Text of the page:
Television Shows Sesame Street, Arthur, Daniel Tiger’s Neighborhood, Bob the Builder, Octonauts, Wild Kratts, My Little Pony Friendship is Magic, Stephen Universe

CharlottesvilleFamily.com

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TM

Just Between Us…

volume 19 issue 2 PUBLISHERS

Dear Friends,

february 2018 Robin Johnson Bethke Jennifer Bryerton

CREATIVE DIRECTOR Robin Johnson Bethke

As we celebrate our 20th year of CharlottesvilleFamily, we are feeling especially thankful—thankful to our readers for their interest and appreciation, thankful to our advertisers for their support and enthusiasm, and thankful to have created

EDITOR-IN-CHIEF Jennifer Bryerton TECHNICAL DIRECTOR Peter D. Bethke SENIOR EDITOR Sarah Pastorek ONLINE EDITOR Madison Stanley

our dream jobs! From browsing through adorable baby pictures and attending the

CALENDAR EDITOR Caroline Hirst

area’s best festivals and concerts to working with some of the nicest people in

HOME & GARDEN EDITOR Becky Calvert

town, we here at CharlottesvilleFamily feel so lucky to get to do what we love, every

GRAPHIC DESIGN

single day. Reaching this milestone has also made us reminiscent of our past. It is fun to think about how the company started. Robin, then pregnant with her son, felt our wonderful community had so much to offer, but felt it could do more to reach out to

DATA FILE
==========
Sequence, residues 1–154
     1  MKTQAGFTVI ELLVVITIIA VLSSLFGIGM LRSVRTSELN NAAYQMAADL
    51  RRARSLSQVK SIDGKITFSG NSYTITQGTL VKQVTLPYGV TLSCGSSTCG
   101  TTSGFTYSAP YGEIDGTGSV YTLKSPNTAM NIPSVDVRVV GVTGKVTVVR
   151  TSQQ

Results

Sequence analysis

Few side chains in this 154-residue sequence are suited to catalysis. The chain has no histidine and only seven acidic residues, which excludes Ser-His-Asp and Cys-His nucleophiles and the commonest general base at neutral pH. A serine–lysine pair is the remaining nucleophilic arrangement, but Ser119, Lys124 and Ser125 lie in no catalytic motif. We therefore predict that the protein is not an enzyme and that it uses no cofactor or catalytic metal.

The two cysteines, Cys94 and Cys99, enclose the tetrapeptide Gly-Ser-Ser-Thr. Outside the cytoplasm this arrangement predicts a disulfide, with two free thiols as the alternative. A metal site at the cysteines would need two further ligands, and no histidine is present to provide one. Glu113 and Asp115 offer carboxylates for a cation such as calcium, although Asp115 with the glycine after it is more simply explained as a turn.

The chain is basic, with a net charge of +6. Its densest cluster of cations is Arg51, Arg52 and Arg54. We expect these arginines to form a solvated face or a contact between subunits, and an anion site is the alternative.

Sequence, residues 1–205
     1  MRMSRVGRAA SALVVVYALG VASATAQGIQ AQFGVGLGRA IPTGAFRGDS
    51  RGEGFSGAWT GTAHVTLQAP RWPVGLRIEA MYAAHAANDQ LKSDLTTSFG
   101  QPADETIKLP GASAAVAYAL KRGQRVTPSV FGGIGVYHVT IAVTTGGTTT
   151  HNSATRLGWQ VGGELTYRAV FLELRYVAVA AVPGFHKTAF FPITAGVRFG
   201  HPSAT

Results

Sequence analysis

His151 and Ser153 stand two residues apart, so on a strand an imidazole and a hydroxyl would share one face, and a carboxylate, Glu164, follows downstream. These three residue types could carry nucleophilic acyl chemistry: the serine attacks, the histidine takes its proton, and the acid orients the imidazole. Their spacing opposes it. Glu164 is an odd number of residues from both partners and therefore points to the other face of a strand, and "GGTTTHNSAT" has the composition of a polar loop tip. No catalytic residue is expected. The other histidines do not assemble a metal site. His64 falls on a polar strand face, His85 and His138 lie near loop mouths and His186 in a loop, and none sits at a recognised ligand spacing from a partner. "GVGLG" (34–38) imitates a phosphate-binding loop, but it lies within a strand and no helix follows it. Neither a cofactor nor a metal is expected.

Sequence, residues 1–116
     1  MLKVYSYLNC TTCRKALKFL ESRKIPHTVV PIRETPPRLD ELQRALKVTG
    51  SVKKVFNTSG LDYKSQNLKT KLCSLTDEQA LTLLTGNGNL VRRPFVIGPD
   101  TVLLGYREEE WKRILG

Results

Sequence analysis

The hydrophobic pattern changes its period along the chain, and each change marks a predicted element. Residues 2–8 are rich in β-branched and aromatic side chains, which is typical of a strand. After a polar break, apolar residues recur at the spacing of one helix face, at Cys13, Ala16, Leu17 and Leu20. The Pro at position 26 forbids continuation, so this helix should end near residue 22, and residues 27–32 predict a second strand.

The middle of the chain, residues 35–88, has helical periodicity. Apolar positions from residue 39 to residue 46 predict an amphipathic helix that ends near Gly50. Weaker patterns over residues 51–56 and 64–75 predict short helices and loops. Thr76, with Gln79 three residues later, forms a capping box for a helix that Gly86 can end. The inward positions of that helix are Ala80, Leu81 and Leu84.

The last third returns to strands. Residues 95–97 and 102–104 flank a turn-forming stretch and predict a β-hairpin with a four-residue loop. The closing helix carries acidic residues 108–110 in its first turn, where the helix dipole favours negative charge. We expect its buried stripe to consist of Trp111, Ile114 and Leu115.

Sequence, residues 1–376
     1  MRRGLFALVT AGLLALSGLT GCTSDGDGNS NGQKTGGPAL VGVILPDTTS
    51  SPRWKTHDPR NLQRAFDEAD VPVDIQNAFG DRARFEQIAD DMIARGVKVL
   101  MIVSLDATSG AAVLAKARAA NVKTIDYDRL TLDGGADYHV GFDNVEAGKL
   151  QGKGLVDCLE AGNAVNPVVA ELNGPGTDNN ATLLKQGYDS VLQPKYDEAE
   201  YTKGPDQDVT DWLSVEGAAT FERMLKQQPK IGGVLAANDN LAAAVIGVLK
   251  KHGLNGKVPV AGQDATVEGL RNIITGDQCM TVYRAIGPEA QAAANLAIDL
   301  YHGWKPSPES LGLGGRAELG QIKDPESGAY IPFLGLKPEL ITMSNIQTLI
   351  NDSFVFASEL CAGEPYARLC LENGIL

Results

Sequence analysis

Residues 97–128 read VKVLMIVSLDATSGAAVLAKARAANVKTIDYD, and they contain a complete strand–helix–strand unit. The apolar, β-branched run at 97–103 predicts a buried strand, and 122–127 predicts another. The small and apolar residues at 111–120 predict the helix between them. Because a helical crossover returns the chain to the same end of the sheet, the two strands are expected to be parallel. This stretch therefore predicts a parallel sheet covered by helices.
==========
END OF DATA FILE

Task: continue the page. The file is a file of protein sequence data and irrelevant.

Danielle Burr, Barbara A. Tompkins

SENIOR MARKETING CONSULTANT Susan Powell

MARKETING CONSULTANTS Carath DeFrancia, Allison Muss, Carter

Schotta, Jenny Stoltz

families. With the power of the Internet (a relatively new technology at the time), she envisioned a resource to connect us all, even from the farthest corners of beautiful

CONTRIBUTING WRITERS

Marc Boston, Becky Calvert, Jennifer

Carroll, Diane DiCarlo, Rick Epstein,

Catherine Malone, Whitney Woollerton

We often joke about that fateful day six months later when Robin got a call from

Morrill, Beth Seliga, Ethan Schafer,

Jen, who wanted to know if she had ever wanted to do a magazine based on the

Madison Stanley, Bob Taibbi, Krissy Vick

site. Her answer? “Well, as a matter of fact, that was part of the plan!” And the rest,

BOOKKEEPER Theresa Klopp

as they say, is history.

OFFICE ADMINISTRATOR

Albemarle County. It was then, that she and her husband Peter, a programmer, created our “other baby” — CharlottesvilleFamily (then called AlbemarleKids.com).